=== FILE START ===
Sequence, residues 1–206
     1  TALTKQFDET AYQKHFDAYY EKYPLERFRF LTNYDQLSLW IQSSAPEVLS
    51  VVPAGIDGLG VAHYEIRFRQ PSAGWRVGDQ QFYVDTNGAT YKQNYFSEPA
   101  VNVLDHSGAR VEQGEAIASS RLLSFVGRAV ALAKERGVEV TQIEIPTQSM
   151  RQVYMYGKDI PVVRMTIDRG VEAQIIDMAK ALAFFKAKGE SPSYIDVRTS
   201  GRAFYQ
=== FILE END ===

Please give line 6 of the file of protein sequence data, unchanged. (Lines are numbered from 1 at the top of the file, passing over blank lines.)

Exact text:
   201  GRAFYQ